FranÁois Valentijn, celebrated Dutch traveller and author, was the son of Abraham Valentijn and his wife, Maria van Rijsbergen. After attending the Latin school at Dordrecht he started studying Eastern languages, philosophy and theology at the University of Leiden before his sixteenth birthday, and in less than three years completed his examinations as a candidate for the ministry. In February 1685 he sailed for the East as a qualified minister in the service of the Dutch East India Company, staying at the Cape of Good Hope for 30 days before continuing his journey. He became a minister at Ambon, a small island just south of Seram Island, Indonesia, though from July 1687 to 1688 he served on Kepulauan Banda, south-east of Ambon. He became fluent in Malay and in 1689 started to translate the Bible and other religious works into Low Malayan and to compile a Malay-Dutch dictionary, though these works were not published. On 12 October 1692 he married Cornelia Snaets, a wealthy widow, with whom he had five children.
Valentijn returned to the Netherlands in 1695, after again touching at the Cape, this time staying for 51 days. He lived in Dordrecht and described his stay in the East in Uyt en thuysreyze (Outward and homeward journey). In May 1705 he returned to the East in the service of the Dutch East India Company and visited the Cape for the third time, for 39 days. After spending six months on his translation of the Bible he served as an army chaplain in Eastern Java, but in March 1707 returned to Ambon. Some years later he refused an order to go to Ternate and as a result lost his post. After some time at Batavia (now Jakarta) he returned to the Netherlands in 1714, spending 70 days at the Cape on his fourth visit. He again settled in Dordrecht, where he wrote a monumental work on the East, Oud en Nieuw Oost-IndiŽn, vervattende een naaukeurige en uitvoerige verhandelinge van Nederlands mogentheyd in die gewesten... (Old and New East India, including an accurate and comprehensive account of Dutch supremacy in that region; Dordrecht, 1724-1726). It comprised 5 parts, but was published in 8 volumes, richly illustrated with drawings and maps. The Moluccas (or Spice Islands), which he knew best from personal experience, were described particularly thoroughly, while Java, Sumatra and Borneo received less attention. He did not explicitly acknowledge many of his sources, but this was more acceptable in the intellectual climate of his time, particularly since some of his information might have been regarded as sensitive by the Dutch East India Company, or useful to rival concerns. His style of writing varied from formal to informal, his presentation was uncritical, while his reading of some sources was superficial, leading to wrong conclusions. None the less his work has proved a gold mine of information for researchers and has been referred to as the "Encyclopaedia of the Dutch East Indies". Several parts of this work were published separately, among them Verhandeling der zee-horenkens en zee-gewassen in en omtrent Amboina en de naby gelegen eylanden (Treatise on the shells and sea plants in and about Ambon and the nearby islands; Dordrecht, 1726; from Part 3 (2), pp. 517-586).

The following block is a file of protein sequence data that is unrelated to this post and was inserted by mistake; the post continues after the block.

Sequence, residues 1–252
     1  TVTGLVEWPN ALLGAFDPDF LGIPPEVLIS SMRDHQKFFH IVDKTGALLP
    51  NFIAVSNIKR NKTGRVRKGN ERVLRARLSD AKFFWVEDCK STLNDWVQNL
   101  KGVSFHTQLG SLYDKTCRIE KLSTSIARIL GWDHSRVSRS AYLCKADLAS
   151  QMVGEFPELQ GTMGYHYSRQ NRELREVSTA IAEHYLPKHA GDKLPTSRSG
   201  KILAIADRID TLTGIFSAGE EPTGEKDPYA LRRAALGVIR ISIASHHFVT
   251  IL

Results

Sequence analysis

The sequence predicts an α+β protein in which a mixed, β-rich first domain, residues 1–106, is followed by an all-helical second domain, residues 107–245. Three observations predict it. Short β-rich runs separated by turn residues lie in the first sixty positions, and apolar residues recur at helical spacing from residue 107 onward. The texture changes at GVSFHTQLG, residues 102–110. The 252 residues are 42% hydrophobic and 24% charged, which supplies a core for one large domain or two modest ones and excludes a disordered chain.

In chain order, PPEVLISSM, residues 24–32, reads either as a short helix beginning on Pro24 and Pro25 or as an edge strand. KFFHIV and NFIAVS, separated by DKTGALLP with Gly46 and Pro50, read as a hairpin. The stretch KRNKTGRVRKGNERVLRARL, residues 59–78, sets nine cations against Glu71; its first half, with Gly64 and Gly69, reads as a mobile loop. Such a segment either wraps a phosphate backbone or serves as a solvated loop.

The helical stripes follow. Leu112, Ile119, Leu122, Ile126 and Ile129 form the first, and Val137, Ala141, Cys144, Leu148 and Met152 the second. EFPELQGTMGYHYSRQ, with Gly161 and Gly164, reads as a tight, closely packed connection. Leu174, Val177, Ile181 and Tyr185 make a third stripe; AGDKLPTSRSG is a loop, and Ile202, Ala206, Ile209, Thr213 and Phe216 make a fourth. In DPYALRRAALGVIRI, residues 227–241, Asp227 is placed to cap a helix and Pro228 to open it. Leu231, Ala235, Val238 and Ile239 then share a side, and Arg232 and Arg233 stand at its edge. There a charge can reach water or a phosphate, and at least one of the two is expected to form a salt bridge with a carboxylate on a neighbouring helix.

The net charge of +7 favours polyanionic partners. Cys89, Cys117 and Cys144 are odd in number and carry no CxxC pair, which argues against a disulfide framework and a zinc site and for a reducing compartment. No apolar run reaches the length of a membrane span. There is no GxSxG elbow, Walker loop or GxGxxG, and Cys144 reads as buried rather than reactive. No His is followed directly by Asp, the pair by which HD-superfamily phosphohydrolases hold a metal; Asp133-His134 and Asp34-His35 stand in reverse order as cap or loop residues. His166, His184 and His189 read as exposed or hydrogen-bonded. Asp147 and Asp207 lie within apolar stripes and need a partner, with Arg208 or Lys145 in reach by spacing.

In the fifth part of his work he described the Cape of Good Hope. Though he did not travel beyond Stellenbosch and Hottentots Holland during his visits, his friend, Governor W.A. van der Stel*, made various official documents and maps available to him for study. Other sources included personal observations, information supplied by various residents, and earlier publications. His account of the Cape is thorough and generally reliable, reflecting his tireless collection of information. It includes a detailed description of Cape Town, illustrated by a map compiled in about 1695 that is cartographically poor but of historical importance; a description of the company's gardens, including the collection of stuffed animals kept there and an extract from the herbal of H.B. Oldenland*; the history and administrative development of the colony; settlements in the interior; descriptions of various important contemporary events; an account of the Hottentots and their culture; descriptions of some animals found at the Cape; an account, slightly more detailed than the official report, of Simon van der Stel's* expedition to Namaqualand in 1685; and an account of the journey of J. Starrenburg* to the Olifants River. A map of the colony is included, which is mainly a compilation from earlier maps and not of great cartographic importance. In several details it was inaccurate; for example, it placed Cape Point half a degree too far south, at the same latitude as Cape Agulhas. A large inset map with its own title depicts the south-western Cape and includes the positions of farms and the names of their owners. His account of the Cape is an important source on the early history of the colony and has been edited, annotated and translated into English, and published by the Van Riebeeck Society under the title Beschrijvinge van de Kaap der Goede Hoope met de zaaken daar toe behoorende/ Description of the Cape of Good Hope with the matters concerning it (Cape Town, 1971, VRS Series II, No. 2 and 4).
In 1726 Valentijn moved to 's-Gravenhage (The Hague) where he died the next year.